To consider whether the probability of detecting species A during a survey is different when species B is also present, we could compare models where the constraint is used (and similarly for species B when species A is also present). Note that this issue is distinct from the question of whether detections of the two species occur independently given that both species are present (i.e. does δ= 1?).
incorporating covariate information
Potentially, the probability that a species occupies a location may be affected by characteristics of the location. For example, some species may prefer particular habitat types over other available habitats; have a higher occupancy rate at locations near permanent water sources; require a minimum patch size for a sustainable population; or show reduced probability of occurrence in isolated patches (e.g. Verner, Morrison & Ralph 1986; Scott et al. 2002). Similarly, the probability of detecting species at the location may also be affected by location-specific covariates (e.g. old growth forest vs. rejuvenating forest). Detection probabilities may also be affected by conditions at the time of the survey, such as air temperature, cloud cover, or time since a rain event.
One method for incorporating such covariates is to use the multinomial logistic model (eqn 5).
- (eqn 5)
- (eqn 7)
For example, if and , then the two species must both occur at a minimum of 20% of the locations, while if they exactly co-occur then it can only be at 60% of sites at most. This restriction must be enforced when using SIFs (which may cause numerical problems), but when using the first approach the restriction is automatically imposed because of the different parameterization of the covariate relationship. Similar reasoning applies when using the SIF parameterization with respect to the r parameters.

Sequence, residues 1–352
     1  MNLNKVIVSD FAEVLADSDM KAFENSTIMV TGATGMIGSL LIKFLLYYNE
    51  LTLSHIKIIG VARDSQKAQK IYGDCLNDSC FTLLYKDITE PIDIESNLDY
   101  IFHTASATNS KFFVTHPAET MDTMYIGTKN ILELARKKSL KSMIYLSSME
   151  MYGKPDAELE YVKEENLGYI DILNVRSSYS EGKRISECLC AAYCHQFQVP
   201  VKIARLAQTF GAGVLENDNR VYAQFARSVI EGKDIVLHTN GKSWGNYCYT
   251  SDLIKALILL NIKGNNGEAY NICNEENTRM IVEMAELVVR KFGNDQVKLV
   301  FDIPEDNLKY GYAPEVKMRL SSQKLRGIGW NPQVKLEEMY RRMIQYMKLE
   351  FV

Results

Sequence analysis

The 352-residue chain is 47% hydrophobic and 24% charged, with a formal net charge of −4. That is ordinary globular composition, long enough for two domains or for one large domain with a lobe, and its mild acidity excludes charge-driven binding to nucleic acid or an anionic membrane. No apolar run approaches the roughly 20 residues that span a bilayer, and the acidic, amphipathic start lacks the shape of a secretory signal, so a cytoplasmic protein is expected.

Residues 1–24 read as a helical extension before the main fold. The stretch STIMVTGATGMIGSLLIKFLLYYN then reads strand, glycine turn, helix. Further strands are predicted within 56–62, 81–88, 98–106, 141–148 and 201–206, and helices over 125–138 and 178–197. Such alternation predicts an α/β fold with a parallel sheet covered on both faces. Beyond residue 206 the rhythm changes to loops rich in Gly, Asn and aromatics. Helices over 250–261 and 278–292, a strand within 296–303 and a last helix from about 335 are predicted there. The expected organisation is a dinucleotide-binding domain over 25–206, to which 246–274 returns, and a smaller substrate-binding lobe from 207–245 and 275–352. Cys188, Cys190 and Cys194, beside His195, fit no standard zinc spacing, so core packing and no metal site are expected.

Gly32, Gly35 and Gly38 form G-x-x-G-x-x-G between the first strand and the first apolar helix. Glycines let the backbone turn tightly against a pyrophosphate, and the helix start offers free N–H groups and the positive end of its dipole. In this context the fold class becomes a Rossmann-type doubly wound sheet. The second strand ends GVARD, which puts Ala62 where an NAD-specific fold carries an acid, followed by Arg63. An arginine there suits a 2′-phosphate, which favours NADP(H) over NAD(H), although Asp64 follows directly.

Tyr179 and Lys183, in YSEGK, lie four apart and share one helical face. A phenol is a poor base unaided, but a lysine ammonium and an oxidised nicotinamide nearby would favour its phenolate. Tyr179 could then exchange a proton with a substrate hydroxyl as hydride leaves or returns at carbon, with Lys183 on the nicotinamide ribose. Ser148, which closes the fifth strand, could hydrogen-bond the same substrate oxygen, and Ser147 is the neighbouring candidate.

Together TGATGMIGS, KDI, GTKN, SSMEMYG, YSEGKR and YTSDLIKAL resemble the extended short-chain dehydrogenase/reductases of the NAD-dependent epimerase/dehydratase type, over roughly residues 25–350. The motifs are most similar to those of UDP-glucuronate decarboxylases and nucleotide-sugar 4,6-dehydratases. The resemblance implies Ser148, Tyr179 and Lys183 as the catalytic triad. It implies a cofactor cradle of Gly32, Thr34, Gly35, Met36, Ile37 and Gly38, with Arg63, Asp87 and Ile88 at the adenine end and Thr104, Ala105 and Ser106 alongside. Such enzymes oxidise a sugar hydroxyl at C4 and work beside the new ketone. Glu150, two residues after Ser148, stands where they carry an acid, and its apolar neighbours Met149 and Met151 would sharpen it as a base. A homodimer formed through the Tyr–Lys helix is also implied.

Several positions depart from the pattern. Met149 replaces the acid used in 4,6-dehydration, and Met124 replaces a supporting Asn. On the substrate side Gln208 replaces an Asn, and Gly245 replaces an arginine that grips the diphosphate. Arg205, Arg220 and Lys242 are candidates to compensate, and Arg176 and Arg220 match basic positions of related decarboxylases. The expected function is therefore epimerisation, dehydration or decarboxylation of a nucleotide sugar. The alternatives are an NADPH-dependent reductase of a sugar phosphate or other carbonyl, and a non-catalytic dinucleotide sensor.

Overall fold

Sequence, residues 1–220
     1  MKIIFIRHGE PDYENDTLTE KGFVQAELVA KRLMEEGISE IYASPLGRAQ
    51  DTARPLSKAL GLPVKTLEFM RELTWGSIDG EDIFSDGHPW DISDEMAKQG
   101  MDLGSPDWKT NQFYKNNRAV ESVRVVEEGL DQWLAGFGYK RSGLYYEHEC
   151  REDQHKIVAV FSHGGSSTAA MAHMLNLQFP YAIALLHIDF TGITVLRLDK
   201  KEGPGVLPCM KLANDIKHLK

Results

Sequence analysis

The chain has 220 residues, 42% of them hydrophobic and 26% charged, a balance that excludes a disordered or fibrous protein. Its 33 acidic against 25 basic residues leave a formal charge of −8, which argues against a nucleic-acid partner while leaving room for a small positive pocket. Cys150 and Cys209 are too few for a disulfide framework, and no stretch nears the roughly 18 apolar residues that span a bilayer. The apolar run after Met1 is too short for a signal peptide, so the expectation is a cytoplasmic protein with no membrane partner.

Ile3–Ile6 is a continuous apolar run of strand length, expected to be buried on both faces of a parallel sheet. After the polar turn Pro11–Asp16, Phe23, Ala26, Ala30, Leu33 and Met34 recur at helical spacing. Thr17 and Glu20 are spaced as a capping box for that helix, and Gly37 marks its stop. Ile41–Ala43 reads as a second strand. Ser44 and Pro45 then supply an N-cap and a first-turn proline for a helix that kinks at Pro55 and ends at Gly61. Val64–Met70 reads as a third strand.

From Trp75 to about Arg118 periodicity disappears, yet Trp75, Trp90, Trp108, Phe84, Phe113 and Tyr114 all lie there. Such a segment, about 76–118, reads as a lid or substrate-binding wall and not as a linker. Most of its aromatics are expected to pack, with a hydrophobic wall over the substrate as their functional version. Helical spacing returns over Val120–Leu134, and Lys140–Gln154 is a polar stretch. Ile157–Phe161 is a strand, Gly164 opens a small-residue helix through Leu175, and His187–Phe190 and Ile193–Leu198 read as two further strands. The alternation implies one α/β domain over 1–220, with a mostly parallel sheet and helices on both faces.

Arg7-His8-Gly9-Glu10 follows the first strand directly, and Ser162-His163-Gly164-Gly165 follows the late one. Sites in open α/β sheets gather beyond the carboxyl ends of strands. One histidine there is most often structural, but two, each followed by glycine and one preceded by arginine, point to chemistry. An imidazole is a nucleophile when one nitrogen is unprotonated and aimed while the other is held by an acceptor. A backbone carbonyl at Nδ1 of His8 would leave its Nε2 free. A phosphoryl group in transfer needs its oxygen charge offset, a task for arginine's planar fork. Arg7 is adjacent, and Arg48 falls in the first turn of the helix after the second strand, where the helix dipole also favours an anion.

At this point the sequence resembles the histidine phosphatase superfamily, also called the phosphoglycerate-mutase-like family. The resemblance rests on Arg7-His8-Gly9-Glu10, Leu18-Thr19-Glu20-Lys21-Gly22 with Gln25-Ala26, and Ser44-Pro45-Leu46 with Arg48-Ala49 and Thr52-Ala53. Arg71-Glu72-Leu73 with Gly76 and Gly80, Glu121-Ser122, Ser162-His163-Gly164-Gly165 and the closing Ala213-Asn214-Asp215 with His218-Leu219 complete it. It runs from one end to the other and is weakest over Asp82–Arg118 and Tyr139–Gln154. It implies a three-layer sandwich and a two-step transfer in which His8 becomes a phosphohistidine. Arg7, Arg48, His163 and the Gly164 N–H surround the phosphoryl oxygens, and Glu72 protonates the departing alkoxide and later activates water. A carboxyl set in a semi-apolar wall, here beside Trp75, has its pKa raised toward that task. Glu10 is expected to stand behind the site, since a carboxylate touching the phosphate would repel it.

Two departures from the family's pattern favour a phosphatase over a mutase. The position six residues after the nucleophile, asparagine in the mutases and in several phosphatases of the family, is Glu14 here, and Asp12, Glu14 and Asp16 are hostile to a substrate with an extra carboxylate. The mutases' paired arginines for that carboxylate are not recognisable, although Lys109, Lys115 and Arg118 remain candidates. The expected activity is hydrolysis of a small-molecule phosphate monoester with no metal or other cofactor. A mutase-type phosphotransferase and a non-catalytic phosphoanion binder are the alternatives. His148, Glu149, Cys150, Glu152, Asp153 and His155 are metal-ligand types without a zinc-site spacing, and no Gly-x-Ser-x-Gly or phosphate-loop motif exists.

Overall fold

A probable feature of many wildlife studies is that occasionally not all locations will be surveyed for the target species. This may be due either to logistical constraints (it is simply not possible to survey all locations virtually simultaneously); study design; or unforeseen circumstances such as a vehicle breakdown en route. We define such occasions as a missing observation. The flexible modelling framework presented above can be modified easily to accommodate missing observations. As in MacKenzie et al. (2002), for occasions when the location was not surveyed, the respective detection probability (or probabilities) is set to zero, effectively removing it from the probabilistic statement about the observed detection history for that location.
An important point is that by being able to accommodate missing observations, the model does not require equal sampling effort across all locations. This provides a great deal of flexibility for study design. For example, under certain conditions it may be appropriate to survey a subsample of locations more frequently to gain adequate information about the detection probabilities, and elsewhere survey only once or twice.